Headed up to Hervey Bay to see the sites and camped on a few acres near the edge of town. We haven’t been to Hervey Bay for about 10 years and in that time it has exploded, with new retirement enclaves, shopping centres and housing estates. There is a noticeable difference between Hervey Bay and Maryborough, with the people who have been forced out of Hervey Bay due to the high house prices, settling for the cheaper and older areas of Maryborough and often travelling back here for work.
In the afternoon we visited the local Historical Village to catch up with some of the history of the area. There were about 20 buildings that had been carted in from various outlying areas, representing early houses, a church, chemist, blacksmith, farrier, stable, school, railway station and garage. While we have seen larger historic villages, we were very impressed by the care that had been taken to accurately portray what life would have been like 100 years ago. The early slab hut reminded Peter of the houses that his dad grew up in around outback Queensland and recalled how rapidly life had changed (and continues to change).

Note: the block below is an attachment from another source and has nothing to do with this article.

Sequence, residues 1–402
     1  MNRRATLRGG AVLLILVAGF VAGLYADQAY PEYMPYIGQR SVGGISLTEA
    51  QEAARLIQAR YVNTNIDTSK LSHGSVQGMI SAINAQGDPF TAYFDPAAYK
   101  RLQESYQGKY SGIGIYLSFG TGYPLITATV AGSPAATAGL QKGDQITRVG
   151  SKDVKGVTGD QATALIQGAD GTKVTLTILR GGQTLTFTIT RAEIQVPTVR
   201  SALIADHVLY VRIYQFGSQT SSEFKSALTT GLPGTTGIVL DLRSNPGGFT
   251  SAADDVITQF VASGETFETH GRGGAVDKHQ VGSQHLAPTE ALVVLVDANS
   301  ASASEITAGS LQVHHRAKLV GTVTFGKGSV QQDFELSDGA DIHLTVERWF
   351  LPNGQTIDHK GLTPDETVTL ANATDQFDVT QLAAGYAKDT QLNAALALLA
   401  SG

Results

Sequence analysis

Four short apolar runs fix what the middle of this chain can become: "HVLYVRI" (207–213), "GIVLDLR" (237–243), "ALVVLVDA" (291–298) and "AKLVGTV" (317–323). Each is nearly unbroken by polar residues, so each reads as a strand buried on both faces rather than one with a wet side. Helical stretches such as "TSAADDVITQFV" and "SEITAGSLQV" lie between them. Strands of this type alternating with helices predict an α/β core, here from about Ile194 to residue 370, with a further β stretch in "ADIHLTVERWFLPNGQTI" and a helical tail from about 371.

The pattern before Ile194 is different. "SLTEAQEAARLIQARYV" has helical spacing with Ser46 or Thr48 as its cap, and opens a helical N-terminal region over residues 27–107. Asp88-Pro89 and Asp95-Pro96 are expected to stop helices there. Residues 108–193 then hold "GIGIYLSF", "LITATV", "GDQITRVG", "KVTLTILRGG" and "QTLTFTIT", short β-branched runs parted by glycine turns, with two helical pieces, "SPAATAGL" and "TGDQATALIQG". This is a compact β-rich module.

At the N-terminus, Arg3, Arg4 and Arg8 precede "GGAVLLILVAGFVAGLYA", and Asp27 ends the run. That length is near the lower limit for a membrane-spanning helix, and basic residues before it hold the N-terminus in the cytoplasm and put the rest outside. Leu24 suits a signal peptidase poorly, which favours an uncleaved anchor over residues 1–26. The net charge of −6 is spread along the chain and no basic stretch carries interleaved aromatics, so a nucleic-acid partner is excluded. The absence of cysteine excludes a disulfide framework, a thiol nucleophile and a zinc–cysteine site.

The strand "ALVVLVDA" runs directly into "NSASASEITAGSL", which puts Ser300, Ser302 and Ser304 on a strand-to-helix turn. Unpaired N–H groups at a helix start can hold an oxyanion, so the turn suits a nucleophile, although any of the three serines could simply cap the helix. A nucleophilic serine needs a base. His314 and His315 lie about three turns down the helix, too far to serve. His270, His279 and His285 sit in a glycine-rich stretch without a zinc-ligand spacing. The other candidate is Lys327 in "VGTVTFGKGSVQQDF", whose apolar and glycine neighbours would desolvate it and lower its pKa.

On Monday we drove around Dundowran. This is a recent development that has retained all the vine forests along the beaches as the roads spread out from the highway. While we are not fans of residential developments, if you had to live in one there are a lot worse places to settle. The blocks are very large and many have their own lagoons, which give a park like atmosphere to many of the houses. We then drove on to Barrum Heads, a small fishing village at the mouth of the Gregory River for lunch. In the afternoon we drove around Point Vernon and Pialba. While quite built up, the council has managed to retain a large green space around all the beaches, which makes the whole area very attractive and great for a picnic.
On Tuesday we had a walk along the esplanade and then had lunch overlooking the marina at the Boat Club. We then went for a stroll along the old pier to watch the sunset. The pier stretched out about 900m and was the only form of transport for the many goods in and out of Hervey Bay. At the end of the pier a number of fishermen were busy pulling in a variety of fish, supervised by a variety of birds. They were kept in check by an osprey that insisted on requiring the first hand-out of any fish that was thrown away.